The following are a sample of the courses that have been most significant for me as a learner. These courses have reshaped my path as a learner in some form or another.
Created by jahart72 on Apr 5, 2011
Last updated: 04/27/11 at 10:45 PM
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This course employs a feminist perspective to analyze the economic, social, cultural, and political developments shaping women's lives in Latin America from the pre-Columbian era to the present. Emphasis will be placed on the similarities and differences in the lives of women of different racial, economic, and social groups. Themes include gender and the distribution of power in Latin America, mestizaje (racial "mixture"), women and slavery, evolving notions of female sexual honor, women's self-expression through art and literature, and women's participation in popular movements. Because this class was a small seminar of only 13 students, I got a great deal of experience with participation. There was an emphasis on oral presentations, which helped me become more comfortable speaking in front of others, and the course also helped me become more comfortable speaking in informal discussion settings. In addition to learning a great deal about how to interact with historical sources, the course has also helped me become more confident in my speaking skills and has taught me much about the most efficient ways to present information to an audience.
This is a survey course that addresses a variety of topics that include: history of education; diversity of learn- ers; societal changes; educational philosophy; instructional technology; school organization; family and community involvement; cultural diversity; differentiation; lesson planning; and professional development. The course includes a 50-hour supervised field placement in the appropriate content area in a local school. This course fundamentally influenced my understanding of teaching as a career and further reinforced my conviction to become a teacher, especially as a result of the field hours that I spent working with third graders in a local elementary school.
This course involved inquiries into fundamental issues of literary language and textual interpretation. Each section focused on a selected topic in literary studies to consider the ways language functions in the reading process and to explore interrelations among literature, culture, and history. Attention was given to the following goals: 1) practicing the close reading of literary texts; 2) understanding the terminology of literary analysis as well as core concepts 3) introducing a range of genres and historical periods and discussing literature as an evolving cultural phenomenon; 4) increasing skills in writing about literature. This course was another important milestone in my education because it reinforced my specific interest in teaching English and helped me focus on effective ways to lead class discussions about literature.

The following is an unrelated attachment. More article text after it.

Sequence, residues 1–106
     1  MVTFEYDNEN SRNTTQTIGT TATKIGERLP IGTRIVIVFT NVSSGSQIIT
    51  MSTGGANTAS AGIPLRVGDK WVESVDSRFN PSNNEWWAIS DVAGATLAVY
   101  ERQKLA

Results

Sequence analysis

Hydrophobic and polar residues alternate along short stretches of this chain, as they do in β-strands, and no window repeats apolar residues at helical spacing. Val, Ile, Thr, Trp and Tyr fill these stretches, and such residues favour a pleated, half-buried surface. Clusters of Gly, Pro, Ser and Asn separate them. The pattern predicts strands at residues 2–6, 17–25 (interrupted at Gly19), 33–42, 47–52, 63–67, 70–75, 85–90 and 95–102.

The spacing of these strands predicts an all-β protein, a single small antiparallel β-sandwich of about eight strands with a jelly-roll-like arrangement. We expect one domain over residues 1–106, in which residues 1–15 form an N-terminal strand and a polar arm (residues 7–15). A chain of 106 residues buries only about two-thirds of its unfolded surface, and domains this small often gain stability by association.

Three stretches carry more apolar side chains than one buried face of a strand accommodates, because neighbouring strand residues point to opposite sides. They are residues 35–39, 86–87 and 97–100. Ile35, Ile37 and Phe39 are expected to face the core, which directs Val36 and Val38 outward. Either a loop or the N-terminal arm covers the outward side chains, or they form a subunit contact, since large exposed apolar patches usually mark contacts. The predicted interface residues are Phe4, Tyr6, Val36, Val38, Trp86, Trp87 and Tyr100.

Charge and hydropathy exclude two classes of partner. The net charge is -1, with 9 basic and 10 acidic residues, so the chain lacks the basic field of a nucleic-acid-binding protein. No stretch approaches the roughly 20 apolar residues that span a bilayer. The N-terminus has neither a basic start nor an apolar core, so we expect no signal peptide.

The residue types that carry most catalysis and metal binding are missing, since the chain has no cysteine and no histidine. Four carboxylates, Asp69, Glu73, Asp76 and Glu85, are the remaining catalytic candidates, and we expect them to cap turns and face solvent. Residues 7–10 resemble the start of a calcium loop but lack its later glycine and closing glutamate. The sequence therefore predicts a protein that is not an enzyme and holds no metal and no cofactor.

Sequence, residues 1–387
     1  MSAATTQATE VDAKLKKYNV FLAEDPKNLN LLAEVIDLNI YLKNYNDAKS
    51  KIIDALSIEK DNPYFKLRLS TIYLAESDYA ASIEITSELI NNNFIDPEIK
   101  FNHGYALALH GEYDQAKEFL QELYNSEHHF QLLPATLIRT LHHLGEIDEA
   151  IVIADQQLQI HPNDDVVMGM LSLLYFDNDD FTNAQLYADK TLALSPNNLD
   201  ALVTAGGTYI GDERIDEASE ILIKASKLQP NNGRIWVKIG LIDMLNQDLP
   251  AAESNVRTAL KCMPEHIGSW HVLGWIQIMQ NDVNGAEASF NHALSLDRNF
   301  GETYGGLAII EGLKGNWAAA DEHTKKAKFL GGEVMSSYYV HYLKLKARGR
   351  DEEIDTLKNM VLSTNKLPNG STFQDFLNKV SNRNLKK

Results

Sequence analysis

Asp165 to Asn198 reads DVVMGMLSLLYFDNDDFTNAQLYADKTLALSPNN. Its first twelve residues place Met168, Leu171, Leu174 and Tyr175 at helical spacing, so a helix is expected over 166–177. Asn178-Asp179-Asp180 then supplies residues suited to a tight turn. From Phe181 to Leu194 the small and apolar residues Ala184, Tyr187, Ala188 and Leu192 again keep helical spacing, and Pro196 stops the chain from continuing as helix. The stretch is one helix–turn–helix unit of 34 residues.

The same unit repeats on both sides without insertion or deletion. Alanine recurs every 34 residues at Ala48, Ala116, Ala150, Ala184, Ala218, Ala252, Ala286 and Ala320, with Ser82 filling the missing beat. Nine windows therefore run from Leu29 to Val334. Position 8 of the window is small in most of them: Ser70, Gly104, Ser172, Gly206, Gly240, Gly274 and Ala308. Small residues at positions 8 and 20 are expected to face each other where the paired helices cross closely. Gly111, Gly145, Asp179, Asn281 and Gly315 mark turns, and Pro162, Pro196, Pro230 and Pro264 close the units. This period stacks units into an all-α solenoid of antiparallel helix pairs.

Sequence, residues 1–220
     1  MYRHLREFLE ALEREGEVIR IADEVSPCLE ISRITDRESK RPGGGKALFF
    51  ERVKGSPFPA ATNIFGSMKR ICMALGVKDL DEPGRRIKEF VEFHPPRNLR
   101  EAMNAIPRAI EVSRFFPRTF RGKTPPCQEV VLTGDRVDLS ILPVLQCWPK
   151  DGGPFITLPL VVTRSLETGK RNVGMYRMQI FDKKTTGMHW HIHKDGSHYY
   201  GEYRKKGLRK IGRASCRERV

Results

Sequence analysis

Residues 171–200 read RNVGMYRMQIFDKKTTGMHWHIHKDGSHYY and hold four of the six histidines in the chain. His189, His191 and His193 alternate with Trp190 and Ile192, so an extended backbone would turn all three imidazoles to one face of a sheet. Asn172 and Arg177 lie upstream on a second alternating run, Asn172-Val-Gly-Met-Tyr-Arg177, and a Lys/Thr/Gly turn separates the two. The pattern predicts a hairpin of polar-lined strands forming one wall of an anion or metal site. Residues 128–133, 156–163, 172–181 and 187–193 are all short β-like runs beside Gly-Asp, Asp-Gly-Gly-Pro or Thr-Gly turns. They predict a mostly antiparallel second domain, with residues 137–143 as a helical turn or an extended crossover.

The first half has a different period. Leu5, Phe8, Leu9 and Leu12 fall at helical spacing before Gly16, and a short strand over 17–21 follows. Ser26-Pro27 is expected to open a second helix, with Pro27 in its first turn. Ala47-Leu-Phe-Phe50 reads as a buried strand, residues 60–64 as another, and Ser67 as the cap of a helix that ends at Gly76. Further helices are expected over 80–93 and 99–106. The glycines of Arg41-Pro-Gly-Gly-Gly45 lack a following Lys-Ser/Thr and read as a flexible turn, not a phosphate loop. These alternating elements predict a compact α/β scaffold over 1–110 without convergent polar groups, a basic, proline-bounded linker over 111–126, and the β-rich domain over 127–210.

Required of all first-year students in their first semester, the First-Year Seminar in Critical Inquiry is a small, writing-intensive class of no more than 15 students. Taught by a professor who also serves as their academic adviser, each seminar invites students to engage in a set of issues, questions, or ideas that can be illuminated by the interdisciplinary perspectives of the liberal arts. "Literature and Place: Writing the Land Around You" will embark on an exploration of writing and place, both on and off the page, with close reading of such works as Thoreau’s Walden, Annie Dillard’s Pilgrim at Tinker Creek, William Least Heat-Moon’s Blue Highways, and Bill McKibben’s The End of Nature. In addition, we will experiment with different writing approaches, ranging from the lyrical and descriptive to the analytical and argumentative. As writers and thinkers we will delve not only into “nature” and “travel” writing, but also into environmental issues and a politics of place. Finally, our definition of “land” will be an expanded one, including urban environments as well as rural ones, Chicago neighborhoods as well as Appalachian streams. In my First Year Seminar, which served as a useful introduction to my college education, I gained a great deal of experience participating actively, because it was a small group. I also felt that my writing skills improved a great deal and the course helped reinforce my passion for literature and creative writing.
During my tenth grade US History class, not only did I first become interested in history as a field, but I also began to truly observe and think about teaching methods for the first time. This class was a turning-point for me and helped reinforce my conviction that I wanted to become a teacher. The teaching methods I experienced during this class were extremely innovative and some of my most memorable experiences are taking part in a mock court trial, using poetry to represent eighteenth century women's experiences, and reading books that challenged me to think critically rather than merely to memorize facts.